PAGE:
Land Dispute: Adverse Possession Claim in Matadin vs Urmila Devi Case

A detailed overview of a significant legal battle between Matadin and Urmila Devi in the Supreme Court of India. The case revolves around a land dispute involving adverse possession claims. With the court’s judgement addressing the complexities of the matter, stay informed about the nuances and implications of this ruling.


  • High Court in a second appeal should not have reappraised the evidence without finding of perversity.
  • The suit lands consist of 4 out of 6 Biswas of land in Survey No 493 of Patwari Halka No.76 at Village- Purani Chhabani, Guna.
  • The Trial Court decreed the suit in favor of the plaintiff based on adverse possession for more than 12 years.
  • Regular Civil Appeal 19-A of 1996 by the appellants was allowed as Trial court overlooked documentary evidence.
  • The second appeal by the plaintiff was allowed, reversing the first appellate court’s decision and restoring the Trial Court’s decree.
  • Present appeal is against the High Court’s order allowing the plaintiff’s second appeal.
  • The plaintiff Matadin filed Suit No 45-A/1995 on 28.08.1990 claiming adverse possession over the suit lands relying on Khasra entries for 1960-1961.
  • The plaintiff sought a declaration of nullity against the sale deeds executed by the original land owners and subsequent thereto.
  • The plaintiff never established the origin of his possession.
  • The amendment of the plaint was considered an afterthought.
  • The plaintiff never acquired title by adverse possession as the original owner sold the lands to Urmila Devi before the expiry of twelve years.
  • The suit lands were sold to Urmila Devi by registered sale deed dated 11.10.1972.

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  • Reliance was placed on M. Venkatesh & Ors. vs Bangalore Development Authority & Ors., (2015) 17 SCC 1 to argue that adverse possession requires peaceful, open, continuous, and hostile possession.
  • Shri N.K. Jain, learned senior counsel for the appellants in Civil Appeal No 1091 of 2008, adopted the aforementioned arguments.
  • Shri Puneet Jain, learned counsel for the respondents, stated that the plea of adverse possession was included in the original plaint and no new fact was sought to be introduced by way of amendment.
  • Section 117 of the Madhya Pradesh Land Revenue Code (hereinafter referred to as the “Code”) was relied upon by Shri Puneet Jain to support the submission.
  • The exoneration of the respondents in departmental proceedings and acquittal in the criminal case negates the findings of manipulations in the Khasra entries.
  • The plaintiff’s continuous and uninterrupted possession for over 12 years, hostile to the original landowner, establishes a claim for adverse possession.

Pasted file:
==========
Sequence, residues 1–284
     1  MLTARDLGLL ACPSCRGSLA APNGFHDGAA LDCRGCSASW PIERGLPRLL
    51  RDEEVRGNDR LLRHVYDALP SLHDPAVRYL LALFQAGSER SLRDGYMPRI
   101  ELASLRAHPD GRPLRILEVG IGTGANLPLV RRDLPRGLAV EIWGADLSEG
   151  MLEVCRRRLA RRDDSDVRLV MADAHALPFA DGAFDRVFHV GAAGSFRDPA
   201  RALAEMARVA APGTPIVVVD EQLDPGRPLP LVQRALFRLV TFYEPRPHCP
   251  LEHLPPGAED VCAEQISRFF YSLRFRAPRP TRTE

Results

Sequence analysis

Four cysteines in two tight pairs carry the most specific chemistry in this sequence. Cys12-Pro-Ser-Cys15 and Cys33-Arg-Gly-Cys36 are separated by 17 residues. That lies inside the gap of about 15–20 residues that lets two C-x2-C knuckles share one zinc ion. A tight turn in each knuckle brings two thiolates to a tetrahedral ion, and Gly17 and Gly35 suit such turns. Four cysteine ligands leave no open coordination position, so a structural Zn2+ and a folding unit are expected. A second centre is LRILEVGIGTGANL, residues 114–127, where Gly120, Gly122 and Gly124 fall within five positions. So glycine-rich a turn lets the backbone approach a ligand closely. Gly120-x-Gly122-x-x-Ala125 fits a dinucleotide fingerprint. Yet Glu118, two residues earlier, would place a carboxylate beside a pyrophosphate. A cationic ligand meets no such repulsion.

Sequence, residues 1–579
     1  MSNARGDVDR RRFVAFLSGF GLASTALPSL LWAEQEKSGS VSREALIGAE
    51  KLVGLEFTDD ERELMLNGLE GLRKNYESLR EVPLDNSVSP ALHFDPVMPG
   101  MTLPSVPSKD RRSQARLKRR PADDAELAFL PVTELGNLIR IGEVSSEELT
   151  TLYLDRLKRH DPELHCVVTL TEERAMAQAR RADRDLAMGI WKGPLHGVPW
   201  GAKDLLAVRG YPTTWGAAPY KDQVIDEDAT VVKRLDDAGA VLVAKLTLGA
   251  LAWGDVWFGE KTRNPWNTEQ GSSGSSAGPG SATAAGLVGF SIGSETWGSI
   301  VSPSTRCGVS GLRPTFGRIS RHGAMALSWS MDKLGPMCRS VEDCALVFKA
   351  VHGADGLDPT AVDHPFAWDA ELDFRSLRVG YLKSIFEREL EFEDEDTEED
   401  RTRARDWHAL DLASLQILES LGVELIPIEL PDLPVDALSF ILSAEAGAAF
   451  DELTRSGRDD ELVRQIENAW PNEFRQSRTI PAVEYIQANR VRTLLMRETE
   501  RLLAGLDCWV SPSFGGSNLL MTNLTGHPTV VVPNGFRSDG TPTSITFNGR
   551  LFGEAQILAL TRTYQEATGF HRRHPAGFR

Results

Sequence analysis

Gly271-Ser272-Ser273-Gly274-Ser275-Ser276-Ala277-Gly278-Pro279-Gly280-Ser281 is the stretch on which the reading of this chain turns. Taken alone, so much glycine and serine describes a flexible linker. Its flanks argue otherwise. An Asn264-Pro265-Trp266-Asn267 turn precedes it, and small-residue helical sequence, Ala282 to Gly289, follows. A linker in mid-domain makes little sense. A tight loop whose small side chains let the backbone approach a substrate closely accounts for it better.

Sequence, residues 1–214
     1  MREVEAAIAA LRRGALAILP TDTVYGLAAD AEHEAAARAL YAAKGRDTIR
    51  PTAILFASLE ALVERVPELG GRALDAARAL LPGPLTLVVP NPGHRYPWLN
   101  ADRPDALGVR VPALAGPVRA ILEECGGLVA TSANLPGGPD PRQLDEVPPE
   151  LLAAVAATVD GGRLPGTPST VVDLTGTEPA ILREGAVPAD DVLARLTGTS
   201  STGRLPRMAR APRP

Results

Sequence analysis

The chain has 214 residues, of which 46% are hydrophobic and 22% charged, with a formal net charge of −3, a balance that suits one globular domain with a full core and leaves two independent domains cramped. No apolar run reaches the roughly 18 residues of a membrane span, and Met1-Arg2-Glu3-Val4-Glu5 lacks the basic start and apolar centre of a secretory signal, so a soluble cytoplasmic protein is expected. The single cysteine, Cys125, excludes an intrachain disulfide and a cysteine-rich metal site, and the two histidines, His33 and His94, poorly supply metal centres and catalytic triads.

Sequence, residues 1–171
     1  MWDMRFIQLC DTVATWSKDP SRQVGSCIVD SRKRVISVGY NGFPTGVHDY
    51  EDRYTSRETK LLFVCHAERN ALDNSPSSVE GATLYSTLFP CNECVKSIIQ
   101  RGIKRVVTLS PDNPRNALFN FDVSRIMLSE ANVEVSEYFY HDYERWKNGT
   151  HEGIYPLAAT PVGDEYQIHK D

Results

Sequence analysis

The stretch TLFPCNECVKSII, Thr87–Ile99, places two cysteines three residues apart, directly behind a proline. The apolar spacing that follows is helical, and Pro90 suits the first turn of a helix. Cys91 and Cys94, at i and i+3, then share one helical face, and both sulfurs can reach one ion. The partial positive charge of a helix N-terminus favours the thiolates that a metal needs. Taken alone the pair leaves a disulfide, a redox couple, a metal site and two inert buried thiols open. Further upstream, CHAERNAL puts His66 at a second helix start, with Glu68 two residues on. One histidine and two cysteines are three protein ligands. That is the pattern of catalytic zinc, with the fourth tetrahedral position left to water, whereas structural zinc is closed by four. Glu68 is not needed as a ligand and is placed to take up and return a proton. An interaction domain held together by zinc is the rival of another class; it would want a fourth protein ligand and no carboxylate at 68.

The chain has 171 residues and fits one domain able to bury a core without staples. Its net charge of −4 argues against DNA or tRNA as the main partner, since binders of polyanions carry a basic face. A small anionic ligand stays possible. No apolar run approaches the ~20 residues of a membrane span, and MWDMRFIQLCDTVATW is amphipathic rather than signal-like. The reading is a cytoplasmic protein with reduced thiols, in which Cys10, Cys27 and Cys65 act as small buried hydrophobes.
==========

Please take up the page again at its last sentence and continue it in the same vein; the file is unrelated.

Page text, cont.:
• The burden of proof to show interruption of plaintiff’s possession lies on the defendants, which they failed to do.
  • No application for correction under Section 116 of the Code was filed by the original landowner at any point.
  • The alleged claim for possession reiterated in 1963-1964 by the original landowner confirms the continuous hostile possession by the plaintiff.
  • Mere execution of a sale deed does not amount to dispossession, establishing a presumption in favor of the correctness of the plaintiff’s possession as per Khasra entries.

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  • The onus lay on the respondent to establish possession as a fact, open, hostile, and continuous to the knowledge of the true owner.
  • Entries in red ink for corrections in the Khasra, claimed by the plaintiff, were deemed suspicious due to fraud and forgery.
  • The plaintiff’s claim of uninterrupted possession for twelve years was found to be unsustainable.
  • The High Court’s finding that Urmila Devi never acquired possession was considered perverse.
  • Legal heirs of the plaintiff filed an application to amend pleadings to align with evidence of adverse possession.
  • A person pleading adverse possession must clearly plead and establish all necessary facts.
  • Mere possession does not result in possessory title until held adverse to the true owner’s rights.
  • The respondent failed to establish peaceful, open, and continuous possession for adverse possession claim.
  • In Civil Suit No. 97-A of 1992, appellants secured a decree against Hemraj for encroachment of lands purchased from Urmila Devi.
  • The High Court’s conclusion on lack of evidence for the respondent’s dispossession was deemed unsustainable due to findings of fraud and forgery.
  • Adverse possession involves hostile possession in denial of true owner’s title.
  • The claim of possession based on failure of original land owners to return borrowed items was held to be perverse.
  • The report of the court commissioner was not discussed by the High Court, indicating a lack of thorough consideration.
  • Animus possidendi is a necessary element for adverse possession.
  • Animus possidendi refers to the intention to possess the property as one’s own.
  • The intention to possess must be exclusive and hostile to the rights of the true owner.
  • Without the animus possidendi, adverse possession cannot be claimed.
  • Adverse possession is a blended question of fact and law.
  • The cited precedents do not merit consideration.
  • Courts have a negative view towards statutes of limitation when they override property rights.

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  • The appeals have been allowed.
  • The High Court’s order has been deemed unsustainable and set aside.
  • The first appellate court’s order dated 08.08.1997 has been restored.
  • As a result, the suit is dismissed.


Case Number: C.A. No.-001090-001090 / 2008

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